Taking the Plunge
So hopefully with that anxiety lessened (was it just me?), there’s the pragmatics of how to begin. My recommendation: pick a series or character.
Picking a series goes back to that whole esoteric the-start-with-issue-#1 principle. You want to read Star Wars? It’s a simple search on Marvel’s site. Missing Avatar: The Last Airbender? The Wikipedia page on its comics is a font of knowledge. Remember, comics are like the Ring of Power—they want to be found!
My path was slightly more winding, since I was determined to get my hands on everything Kate Kane. Batwoman is what you might call a secondary character in the DC universe, and though her modern iteration was introduced in 2006, her self-titled series didn’t come along for another five years. Griffin steered me towards Batwoman: Elegy, a Kate Kane-centric arc that began in Detective Comics #854 and ended 6 issues later.
“And then I go into the self-titled series, beginning with Issue #1?” I asked foolishly, still shaking from the emotional ending to Elegy.
“Well no, it’s Issue #0,” Griffin answered. “But you can simply get Batwoman Volume 1 and you’ll be good to go.”
“Actually, do you want to first read a 3 issue stand-alone arc that serves as the perfect feed-in to the self-titled series?”
That’s when the explicatives began.
But the truth is, it’s not that complicated. Rule #1, remember? The Batwoman Wikipedia page (not even DC wiki…just the normal one) had this information, the “stand-alone” arc mentioned was actually just the next three issues in her Detective Comics run that was excluded from the trade paperbacks for some reason (which Griffin himself missed his first time through), and even if I hadn’t had a Griffin to ask, a quick Google search would have also pointed me in the right direction.
Or I could have gone to a comic book shop and talked to someone in person, but it’s hard to imagine that horror.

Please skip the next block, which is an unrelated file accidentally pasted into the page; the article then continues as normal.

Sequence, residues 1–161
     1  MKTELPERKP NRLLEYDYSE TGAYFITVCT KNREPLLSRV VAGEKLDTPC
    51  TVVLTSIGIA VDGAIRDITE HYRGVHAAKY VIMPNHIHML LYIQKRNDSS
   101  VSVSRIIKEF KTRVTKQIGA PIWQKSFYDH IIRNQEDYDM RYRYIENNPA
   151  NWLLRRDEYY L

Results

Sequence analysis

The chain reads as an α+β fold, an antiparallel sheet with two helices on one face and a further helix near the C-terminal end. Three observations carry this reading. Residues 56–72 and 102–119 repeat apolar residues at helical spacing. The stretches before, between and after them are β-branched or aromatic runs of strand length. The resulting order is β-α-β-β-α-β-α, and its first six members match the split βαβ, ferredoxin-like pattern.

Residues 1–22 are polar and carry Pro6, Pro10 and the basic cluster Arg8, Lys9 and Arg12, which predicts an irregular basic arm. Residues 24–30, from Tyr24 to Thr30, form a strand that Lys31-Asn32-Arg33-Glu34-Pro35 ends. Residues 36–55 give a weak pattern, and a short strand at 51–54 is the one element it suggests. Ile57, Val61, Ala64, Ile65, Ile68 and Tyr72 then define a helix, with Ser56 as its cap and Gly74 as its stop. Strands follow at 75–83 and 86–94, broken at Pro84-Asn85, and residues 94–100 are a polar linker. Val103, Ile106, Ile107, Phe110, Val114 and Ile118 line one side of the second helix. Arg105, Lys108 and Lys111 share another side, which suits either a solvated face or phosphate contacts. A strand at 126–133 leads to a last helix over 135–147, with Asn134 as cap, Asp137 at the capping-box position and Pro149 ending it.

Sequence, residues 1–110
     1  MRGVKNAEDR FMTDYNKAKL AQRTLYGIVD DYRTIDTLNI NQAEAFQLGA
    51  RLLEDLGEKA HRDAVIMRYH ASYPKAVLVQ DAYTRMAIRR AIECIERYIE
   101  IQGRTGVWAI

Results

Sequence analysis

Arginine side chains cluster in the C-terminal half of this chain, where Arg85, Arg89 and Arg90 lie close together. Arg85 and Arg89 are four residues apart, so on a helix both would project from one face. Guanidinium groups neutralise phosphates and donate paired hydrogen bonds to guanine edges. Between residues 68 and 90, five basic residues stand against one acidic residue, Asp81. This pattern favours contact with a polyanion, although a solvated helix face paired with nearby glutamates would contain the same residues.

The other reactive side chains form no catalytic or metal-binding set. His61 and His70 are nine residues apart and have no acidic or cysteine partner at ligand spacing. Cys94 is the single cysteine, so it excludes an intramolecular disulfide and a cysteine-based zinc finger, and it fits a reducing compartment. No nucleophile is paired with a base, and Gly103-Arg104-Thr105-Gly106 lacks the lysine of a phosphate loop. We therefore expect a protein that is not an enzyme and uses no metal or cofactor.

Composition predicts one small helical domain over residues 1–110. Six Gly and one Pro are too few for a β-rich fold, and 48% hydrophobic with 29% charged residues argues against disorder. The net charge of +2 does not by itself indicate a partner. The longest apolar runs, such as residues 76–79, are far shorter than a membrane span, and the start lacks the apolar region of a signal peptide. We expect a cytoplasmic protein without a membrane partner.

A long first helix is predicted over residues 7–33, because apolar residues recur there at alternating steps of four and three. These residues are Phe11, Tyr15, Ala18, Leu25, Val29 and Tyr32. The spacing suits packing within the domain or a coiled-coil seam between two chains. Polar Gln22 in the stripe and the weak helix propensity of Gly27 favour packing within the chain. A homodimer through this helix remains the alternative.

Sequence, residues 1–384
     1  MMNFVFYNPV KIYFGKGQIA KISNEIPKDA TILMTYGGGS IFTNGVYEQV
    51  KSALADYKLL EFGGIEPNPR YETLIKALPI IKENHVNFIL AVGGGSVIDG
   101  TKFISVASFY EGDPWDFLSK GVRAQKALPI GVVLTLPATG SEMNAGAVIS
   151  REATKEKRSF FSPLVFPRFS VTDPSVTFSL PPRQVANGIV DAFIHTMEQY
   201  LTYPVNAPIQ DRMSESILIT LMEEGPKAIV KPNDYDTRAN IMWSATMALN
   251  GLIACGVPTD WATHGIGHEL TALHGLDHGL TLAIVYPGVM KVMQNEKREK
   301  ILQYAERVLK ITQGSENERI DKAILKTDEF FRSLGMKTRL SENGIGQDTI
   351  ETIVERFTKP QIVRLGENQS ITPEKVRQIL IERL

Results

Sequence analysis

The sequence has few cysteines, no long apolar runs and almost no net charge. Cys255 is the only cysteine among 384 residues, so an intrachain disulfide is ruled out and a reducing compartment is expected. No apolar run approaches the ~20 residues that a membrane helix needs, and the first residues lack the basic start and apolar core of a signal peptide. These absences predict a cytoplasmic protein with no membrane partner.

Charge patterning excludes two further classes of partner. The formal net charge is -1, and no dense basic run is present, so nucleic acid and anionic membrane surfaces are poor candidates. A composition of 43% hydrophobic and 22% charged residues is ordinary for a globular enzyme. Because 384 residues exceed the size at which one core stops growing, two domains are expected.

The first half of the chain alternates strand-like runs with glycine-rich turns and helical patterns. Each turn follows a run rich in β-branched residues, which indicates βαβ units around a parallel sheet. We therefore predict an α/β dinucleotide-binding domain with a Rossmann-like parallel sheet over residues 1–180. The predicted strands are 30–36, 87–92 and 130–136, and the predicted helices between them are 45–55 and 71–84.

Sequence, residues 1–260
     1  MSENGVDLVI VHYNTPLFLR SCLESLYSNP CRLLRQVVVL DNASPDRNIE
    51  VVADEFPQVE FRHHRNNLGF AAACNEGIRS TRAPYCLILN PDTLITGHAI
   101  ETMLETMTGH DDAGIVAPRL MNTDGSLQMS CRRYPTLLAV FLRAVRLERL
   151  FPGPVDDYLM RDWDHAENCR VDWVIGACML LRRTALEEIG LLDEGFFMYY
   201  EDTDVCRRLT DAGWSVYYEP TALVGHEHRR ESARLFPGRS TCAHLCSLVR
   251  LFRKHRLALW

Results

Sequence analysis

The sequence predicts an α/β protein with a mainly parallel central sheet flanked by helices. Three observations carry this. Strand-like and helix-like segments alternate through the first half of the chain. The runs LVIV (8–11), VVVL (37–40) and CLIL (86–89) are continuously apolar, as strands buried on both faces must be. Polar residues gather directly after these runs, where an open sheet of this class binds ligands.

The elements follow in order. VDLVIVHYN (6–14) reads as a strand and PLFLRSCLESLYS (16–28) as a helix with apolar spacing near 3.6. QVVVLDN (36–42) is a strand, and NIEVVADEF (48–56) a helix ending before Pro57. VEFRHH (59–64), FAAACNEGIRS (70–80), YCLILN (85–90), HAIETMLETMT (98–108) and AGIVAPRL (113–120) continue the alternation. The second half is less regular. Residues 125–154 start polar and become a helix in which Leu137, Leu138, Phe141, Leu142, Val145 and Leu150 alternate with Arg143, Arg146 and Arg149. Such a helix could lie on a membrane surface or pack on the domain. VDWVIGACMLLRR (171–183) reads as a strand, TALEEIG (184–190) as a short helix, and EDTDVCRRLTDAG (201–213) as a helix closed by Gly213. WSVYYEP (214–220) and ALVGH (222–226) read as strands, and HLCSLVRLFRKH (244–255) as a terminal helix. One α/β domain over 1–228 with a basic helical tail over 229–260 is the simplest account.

And this is the case for any comic book character. It just took me under a minute to figure out that Marvel relaunched Spider-Man in 2014 (and also 2015 maybe?), which seems like a fine jumping-off point. Meanwhile, DC has been rebirthing everyone over the past year, so there’s a recent Issue #1 for almost any character you find yourself drawn to.
I feel bad ignoring indie comics, but given the fact that their universes tend to be less expensive, or at least given that there is a shorter history, they’re almost inherently self-explanatory. For instance, Saga by Image Comics is a bit of a Fandomentals favorite, which Milan is currently working his way through. And…yeah. A quick search takes you to Image’s website where it’s pretty clear that all you have to do is count to seven.
The Rabbit Hole
The thing is, riding the learning curve is a very natural progression. You read a series and, assuming it’s enjoyable, get caught up on it. Then you wait with baited breath for the next issue. Kind of exactly like anything else, be it a TV show or a book series.
However, here’s the fun part: you can fill in the pieces in the meantime. And probably will want to.
Being the fool I was, I truly thought that I’d only care about Kate Kane as Batwoman. She’s a relatively newer character in the general scope of things, and has a completely manageable number of volumes. I liked her enough from Detective Comics and her self-titled series where I picked up Bombshells, despite it being a stand-alone AU (the character voices are brilliant). But still, I figured that’d be the end of it—I would finally be caught up to where I wanted to be. And then it happened. Specifically this:
I already knew of Renee Montoya’s existence in the DC universe because of 1.) a flashback to Kate’s former relationship with her at the end of Elegy, 2.) Gotham sticking their version on a literal bus, and 3.) Supergirl’s interesting adaptational choices when it comes to the source material.
But I had never seen them in “heat rising from the asphalt sexual tension” mode before. I *had* to know more, especially in the canon timeline, leading me 52 (which heavily doesn’t disappoint in this department), wherein I realized I needed Renee’s backstory, found in Gotham Central (which happens to be everything I’ve ever wanted in a piece of fiction), and now I’m dutifully making my way through Crime Bible with Final Crisis – Revelations as my next stop.
Is what I’m saying making no sense to you? Doesn’t matter, because I know what I’m talking about!